After chalking up half a dozen tuck-in acquisitions throughout its fiscal year 2021—which ended Sept. 30—BD seems poised to outdo itself in 2022.
It’s already off to a strong start: BD’s first two buyouts of this fiscal year came in rapid succession over the course of just the past week. Hot on the tail of its decision to snap up catheter therapy developer Venclose, BD said Thursday that it has acquired surgical technology maker Tissuemed.
Based in Leeds, England, Tissuemed produces flexible, self-adhesive surgical sealant films. Its flagship product is TissuePatch, which bonds to internal tissue to prevent surgical incisions from leaking and control internal bleeding.
TissuePatch is designed to be used alongside sutures and surgical staples to minimize postop leakages of all kinds. For example, it can help seal off the protective tissue surrounding the brain and spine to lock in the cerebrospinal fluid or prevent any air from escaping from the lung tissue after thoracic surgeries.
With its latest, U.K.-based acquisition, BD is angling to broaden its surgical offerings beyond the U.S. Not only will it capitalize on the existing global popularity of TissuePatch, the medtech giant is also planning to infuse its own clinical and commercial know-how into Tissuemed’s tech development to roll out entirely new surgical sealant technologies.
“This advanced sealant serves as a strategic complement to the BD products used in the operating room today—providing us with the opportunity to equip surgeons with a more robust, highly integrated portfolio of surgical solutions,” Kevin Kelly, president of BD’s surgery business, said in a statement.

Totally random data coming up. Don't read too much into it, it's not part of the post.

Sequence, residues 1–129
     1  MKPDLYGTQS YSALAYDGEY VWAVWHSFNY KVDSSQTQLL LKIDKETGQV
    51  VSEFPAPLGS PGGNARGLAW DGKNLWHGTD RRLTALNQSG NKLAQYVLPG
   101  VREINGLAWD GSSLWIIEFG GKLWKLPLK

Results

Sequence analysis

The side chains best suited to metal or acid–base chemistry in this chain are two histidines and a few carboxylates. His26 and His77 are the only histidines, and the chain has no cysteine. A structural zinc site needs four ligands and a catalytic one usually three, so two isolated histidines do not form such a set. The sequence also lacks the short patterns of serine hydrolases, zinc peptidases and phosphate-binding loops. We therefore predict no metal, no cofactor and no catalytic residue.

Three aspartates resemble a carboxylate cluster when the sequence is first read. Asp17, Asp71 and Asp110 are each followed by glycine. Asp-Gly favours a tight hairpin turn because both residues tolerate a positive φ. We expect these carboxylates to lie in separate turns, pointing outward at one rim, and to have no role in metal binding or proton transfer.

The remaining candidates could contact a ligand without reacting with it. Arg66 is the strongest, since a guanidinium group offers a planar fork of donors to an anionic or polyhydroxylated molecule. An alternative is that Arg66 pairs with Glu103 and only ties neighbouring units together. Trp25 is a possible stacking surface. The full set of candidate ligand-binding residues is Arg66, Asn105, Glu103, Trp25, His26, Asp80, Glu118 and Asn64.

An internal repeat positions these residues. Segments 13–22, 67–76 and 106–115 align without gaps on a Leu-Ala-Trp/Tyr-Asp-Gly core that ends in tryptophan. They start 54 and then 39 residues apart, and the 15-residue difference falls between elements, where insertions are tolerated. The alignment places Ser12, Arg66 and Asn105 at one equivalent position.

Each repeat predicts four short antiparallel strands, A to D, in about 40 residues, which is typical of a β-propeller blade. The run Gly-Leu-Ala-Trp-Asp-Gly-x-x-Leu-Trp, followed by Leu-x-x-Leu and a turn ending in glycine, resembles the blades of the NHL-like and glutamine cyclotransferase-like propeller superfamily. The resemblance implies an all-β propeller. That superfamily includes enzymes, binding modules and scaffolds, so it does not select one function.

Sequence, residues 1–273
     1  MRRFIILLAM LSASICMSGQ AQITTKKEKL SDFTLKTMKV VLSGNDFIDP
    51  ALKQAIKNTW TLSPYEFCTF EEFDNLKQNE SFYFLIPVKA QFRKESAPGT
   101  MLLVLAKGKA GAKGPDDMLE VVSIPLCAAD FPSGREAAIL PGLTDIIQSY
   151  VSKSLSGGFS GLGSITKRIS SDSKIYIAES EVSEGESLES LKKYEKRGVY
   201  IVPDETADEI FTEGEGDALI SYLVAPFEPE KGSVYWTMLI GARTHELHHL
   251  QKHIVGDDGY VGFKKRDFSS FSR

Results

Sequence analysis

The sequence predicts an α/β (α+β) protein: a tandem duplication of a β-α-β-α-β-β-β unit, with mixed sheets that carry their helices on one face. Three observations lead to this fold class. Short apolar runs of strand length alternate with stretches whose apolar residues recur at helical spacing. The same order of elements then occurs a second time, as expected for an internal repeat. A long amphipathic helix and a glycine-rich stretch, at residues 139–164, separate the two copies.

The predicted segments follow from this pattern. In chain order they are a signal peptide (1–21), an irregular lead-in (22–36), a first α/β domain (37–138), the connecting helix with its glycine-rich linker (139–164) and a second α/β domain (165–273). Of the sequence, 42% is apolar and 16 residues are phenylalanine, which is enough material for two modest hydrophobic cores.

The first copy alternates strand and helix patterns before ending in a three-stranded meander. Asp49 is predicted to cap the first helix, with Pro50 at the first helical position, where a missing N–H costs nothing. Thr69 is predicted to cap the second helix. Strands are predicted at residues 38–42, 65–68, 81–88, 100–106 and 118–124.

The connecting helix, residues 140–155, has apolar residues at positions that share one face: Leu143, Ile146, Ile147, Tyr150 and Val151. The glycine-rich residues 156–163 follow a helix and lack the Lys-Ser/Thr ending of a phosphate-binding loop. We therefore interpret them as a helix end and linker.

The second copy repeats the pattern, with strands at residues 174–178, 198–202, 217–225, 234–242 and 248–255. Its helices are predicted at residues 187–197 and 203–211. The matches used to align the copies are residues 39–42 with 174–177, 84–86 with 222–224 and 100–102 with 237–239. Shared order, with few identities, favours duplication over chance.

“Integrating TissuePatch into our business aligns with our commitment to continuously innovate in our core portfolio to help support minimally invasive surgeries,” Kelly added.
Terms of the acquisition weren’t disclosed, but BD said it expects the purchase to have no significant effect on its 2022 financial results.
In its fiscal year that ended in March 2020—the most recent financial report available—Tissuemed reported an annual net profit of just over 1 million pounds, or about $1.4 million. That’s a not-too-shabby increase of nearly 25% over the previous year’s take, which clocked in at about 851,000 pounds, or $1.1 million.
BD’s Tissuemed buy comes only a few days after the announcement of its Venclose acquisition. Financial details of that deal, too, were kept under wraps, but BD outlined its plans to intertwine Venclose’s line of catheters with its existing venous disease technology portfolio.
Venclose’s catheters deliver radiofrequency ablation to treat chronic venous insufficiency, a common condition that’s caused by malfunctioning valves in the leg veins and can cause varicose veins, swelling and changes in skin coloring around the affected veins.